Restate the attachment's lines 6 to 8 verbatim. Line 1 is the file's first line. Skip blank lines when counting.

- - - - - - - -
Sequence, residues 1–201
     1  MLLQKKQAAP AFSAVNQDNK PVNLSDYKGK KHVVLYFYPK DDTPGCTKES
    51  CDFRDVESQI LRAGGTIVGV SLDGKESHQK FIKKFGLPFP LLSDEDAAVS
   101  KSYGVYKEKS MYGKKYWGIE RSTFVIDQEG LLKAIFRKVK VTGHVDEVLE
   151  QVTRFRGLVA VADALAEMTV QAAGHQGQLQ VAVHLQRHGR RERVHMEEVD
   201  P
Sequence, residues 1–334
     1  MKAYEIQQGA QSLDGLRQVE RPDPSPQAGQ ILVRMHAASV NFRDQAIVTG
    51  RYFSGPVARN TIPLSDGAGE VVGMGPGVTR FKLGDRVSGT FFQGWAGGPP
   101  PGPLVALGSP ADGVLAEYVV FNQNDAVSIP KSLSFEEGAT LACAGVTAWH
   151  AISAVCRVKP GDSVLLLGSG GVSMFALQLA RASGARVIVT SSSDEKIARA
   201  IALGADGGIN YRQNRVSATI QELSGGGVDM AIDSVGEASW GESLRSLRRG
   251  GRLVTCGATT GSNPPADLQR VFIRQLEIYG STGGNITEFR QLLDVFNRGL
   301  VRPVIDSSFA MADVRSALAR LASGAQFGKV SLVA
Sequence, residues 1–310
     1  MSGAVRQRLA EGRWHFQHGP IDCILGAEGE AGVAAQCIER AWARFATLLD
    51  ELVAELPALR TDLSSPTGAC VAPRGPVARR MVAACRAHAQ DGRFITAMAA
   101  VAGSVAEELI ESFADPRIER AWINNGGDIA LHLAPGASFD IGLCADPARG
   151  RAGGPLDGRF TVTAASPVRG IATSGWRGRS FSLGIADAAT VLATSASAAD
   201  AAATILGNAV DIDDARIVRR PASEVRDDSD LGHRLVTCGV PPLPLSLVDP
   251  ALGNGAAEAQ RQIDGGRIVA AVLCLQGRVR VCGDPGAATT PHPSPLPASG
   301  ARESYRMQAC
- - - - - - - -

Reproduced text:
   201  P
Sequence, residues 1–334
     1  MKAYEIQQGA QSLDGLRQVE RPDPSPQAGQ ILVRMHAASV NFRDQAIVTG